When feeding on the Aquatic Habitats systems we usually turn off the water pump and air pump to allow the fish to eat the food for 10 min. This decreases the amount of food that is washed into the filters. However, users must be careful to remember to turn on these pumps again afterwards.


Zebrafish are usually at optimal breeding condition between ~3 and 18 months of age. Pairwise breeding should not be performed for two consecutive days11; however, in-tank breeding can be performed daily as a tank can hold many fish which reduces the chance of the same pair of fish being bred for two days in a row. Breeding should be undertaken at regular intervals even if eggs are not required. This process will ensure the breeding cycle of the fish is maintained. It is recommended that there are more females than males in a breeding set-up. Male zebrafish change their female partners on a daily basis12 which further supports this recommendation. Furthermore, within our laboratory we initially experienced problems with breeding, however, using more females than males in a breeding set-up helped solve the problem. Moreover, feeding with a high protein content diet and brine shrimp two-three times a day, mixing fish from different tanks (from different parents), maintaining the temperature of the breeding set-up between 27 and 28 °C, and squeezing the bellies of females with blocked ovary tubes using gentle massage further improved egg production. We recommend keeping a record of fish lines/ origins to avoid in-breeding between siblings. This further improves embryo production. Keeping a record of the number of embryos laid by fish from each tank is also recommended. This assists with keeping a track of the best breeding fish tanks and taking measures to improve breeding in the fish not laying eggs.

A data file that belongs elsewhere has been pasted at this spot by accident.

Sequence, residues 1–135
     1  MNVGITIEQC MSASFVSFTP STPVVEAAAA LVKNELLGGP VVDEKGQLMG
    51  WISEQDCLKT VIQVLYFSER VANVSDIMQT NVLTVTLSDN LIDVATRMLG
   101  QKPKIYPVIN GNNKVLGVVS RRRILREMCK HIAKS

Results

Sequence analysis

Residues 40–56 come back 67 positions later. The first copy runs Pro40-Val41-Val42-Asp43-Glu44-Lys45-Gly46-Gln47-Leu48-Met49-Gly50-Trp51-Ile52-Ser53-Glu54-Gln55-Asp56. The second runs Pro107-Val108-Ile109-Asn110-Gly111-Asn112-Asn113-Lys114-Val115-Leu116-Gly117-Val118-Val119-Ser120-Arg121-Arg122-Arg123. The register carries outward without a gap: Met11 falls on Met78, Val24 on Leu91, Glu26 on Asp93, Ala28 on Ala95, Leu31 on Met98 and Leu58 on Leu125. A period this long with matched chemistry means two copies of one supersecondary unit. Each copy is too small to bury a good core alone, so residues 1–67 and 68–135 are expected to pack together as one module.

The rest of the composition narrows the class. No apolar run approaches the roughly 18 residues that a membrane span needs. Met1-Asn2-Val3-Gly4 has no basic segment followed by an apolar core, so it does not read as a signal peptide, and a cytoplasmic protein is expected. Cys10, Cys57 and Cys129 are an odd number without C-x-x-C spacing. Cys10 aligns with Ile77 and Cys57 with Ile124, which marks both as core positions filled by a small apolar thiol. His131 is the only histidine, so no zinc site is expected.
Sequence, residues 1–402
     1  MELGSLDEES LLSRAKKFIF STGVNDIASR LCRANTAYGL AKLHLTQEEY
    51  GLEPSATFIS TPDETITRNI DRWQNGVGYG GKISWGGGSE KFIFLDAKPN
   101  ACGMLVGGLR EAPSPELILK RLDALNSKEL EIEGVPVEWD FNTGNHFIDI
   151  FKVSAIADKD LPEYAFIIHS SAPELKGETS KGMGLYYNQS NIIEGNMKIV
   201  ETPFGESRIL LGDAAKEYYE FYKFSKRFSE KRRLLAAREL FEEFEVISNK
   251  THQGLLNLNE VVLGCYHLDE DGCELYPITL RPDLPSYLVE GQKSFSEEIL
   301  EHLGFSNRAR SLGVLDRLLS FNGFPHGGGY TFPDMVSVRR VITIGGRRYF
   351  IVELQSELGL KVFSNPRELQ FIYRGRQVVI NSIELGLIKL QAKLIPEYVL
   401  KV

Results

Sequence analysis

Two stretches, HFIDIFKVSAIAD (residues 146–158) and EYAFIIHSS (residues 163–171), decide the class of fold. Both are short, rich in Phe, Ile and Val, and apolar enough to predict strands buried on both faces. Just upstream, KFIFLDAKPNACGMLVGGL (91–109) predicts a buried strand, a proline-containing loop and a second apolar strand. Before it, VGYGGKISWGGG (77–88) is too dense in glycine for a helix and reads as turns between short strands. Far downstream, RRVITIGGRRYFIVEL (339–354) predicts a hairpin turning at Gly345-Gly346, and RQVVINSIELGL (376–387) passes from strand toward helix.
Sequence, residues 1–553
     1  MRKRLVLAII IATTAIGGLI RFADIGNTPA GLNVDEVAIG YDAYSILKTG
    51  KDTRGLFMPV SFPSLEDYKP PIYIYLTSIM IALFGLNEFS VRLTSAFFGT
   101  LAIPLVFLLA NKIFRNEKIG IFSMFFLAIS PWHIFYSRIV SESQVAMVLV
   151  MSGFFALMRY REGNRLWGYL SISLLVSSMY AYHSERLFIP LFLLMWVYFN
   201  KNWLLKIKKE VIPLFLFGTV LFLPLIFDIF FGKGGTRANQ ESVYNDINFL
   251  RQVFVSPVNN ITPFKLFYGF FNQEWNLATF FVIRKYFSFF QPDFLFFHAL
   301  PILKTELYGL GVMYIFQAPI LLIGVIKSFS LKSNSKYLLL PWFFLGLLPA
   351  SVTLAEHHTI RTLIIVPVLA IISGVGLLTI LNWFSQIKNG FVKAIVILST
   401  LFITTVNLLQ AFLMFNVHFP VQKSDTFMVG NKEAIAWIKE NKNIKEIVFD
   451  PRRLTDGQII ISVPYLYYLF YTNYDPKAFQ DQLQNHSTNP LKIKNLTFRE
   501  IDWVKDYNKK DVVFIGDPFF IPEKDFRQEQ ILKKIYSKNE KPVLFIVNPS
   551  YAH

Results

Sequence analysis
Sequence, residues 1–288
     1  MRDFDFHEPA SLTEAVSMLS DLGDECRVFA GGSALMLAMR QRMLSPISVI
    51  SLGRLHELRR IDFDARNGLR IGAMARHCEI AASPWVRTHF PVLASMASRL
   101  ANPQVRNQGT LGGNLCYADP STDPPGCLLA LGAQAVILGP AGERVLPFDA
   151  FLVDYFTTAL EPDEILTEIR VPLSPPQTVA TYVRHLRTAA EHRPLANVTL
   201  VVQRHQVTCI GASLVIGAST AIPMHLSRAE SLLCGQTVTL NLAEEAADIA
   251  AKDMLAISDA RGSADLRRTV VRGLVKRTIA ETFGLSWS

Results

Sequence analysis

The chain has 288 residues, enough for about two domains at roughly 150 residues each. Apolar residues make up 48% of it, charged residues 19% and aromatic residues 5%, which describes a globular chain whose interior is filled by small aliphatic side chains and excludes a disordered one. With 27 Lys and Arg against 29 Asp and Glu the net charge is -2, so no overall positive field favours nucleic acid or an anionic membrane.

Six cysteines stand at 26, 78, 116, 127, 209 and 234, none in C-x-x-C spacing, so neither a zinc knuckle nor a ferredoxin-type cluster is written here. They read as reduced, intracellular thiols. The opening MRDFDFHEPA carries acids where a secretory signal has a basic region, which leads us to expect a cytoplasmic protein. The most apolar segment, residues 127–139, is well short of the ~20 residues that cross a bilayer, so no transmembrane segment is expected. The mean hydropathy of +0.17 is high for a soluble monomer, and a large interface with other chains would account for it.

Raising of larvae

Feeding of larvae should commence from 5 dpf (days post fertilization). Young larvae can be fed with dry food of ~100 microns in size (e.g., ZM100) or live food such as paramecium and rotifers (which stimulates growth). The food size can slowly be increased to 200 microns (e.g. ZM200) or 300/400 microns (e.g. ZM300). A population of adult fish should be around 6-7 fish per liter of water. This practice is recommended for better maintenance of BOD (Biological Oxygen Demand) to the tanks.


No conflicts of interest declared.


The authors would like to thank Tammy Esmaili for her assistance in the management of laboratory consumables. AA is the recipient of a PhD Scholarship from the Centre of Excellence for Alzheimer's Disease Research and Care, School of Medical Sciences, Edith Cowan University. MC receives PhD funding support from the Rotary Club, Perth. AM, GV, KT, and RNM are funded by the McCusker Alzheimer's Research foundation.


Name Company Catalog Number Comments
Zebrafish circulating system Aquatic Habitats, USA AHAB stand-alone, bench-top systems
Sodium Bicarbonate Sigma Aldrich S6297
Fish food dispenser/Dry food feeder Aquatic Habitats, USA AH19
Microscope Olympus SZX12
Dry Food ZM Fish food, UK ZM100, ZM200, ZM300
Brine shrimp eggs Salt Creek, Inc., USA Premium Grade
In-tank breeders Aquatic Habitats, USA ITSTS-A
Activated carbon Penn-Plax Pro-crab, USA PBC3MF
Breeding tanks Aquatic Habitats, USA SBTANK (1L)
Breeder Tank-2 (2L)
Red sea salt Red sea salt, USA Local pet store/
Filters (Canister, filter pads, and UV) Aquatic Habitats, USA aquatichabitats.com
Siporax Media Aquatic Habitats, USA BF 820
Brine shrimp net Aquatic Habitats, USA BSN 1
Brine shrimp hatcher Aquatic Habitats, USA BS252
Baffles Aquatic Habitats, USA aquatichabitats.com
Table 1. Table of specific reagents and equipment used in this protocol.



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Zebrafish Care Zebrafish Maintenance Zebrafish Laboratory Animal Model Genetics Research Pharmacological Research Behavioural Research Vertebrate Model Zebrafish Housing Facility Zebrafish Husbandry Zebrafish Larvae Fish Husbandry Conditions Experimental Issues Zebrafish Laboratory Establishment Animal Model Research
Regular Care and Maintenance of a Zebrafish (<em>Danio rerio</em>) Laboratory: An Introduction
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Avdesh, A., Chen, M.,More

Avdesh, A., Chen, M., Martin-Iverson, M. T., Mondal, A., Ong, D., Rainey-Smith, S., Taddei, K., Lardelli, M., Groth, D. M., Verdile, G., Martins, R. N. Regular Care and Maintenance of a Zebrafish (Danio rerio) Laboratory: An Introduction. J. Vis. Exp. (69), e4196, doi:10.3791/4196 (2012).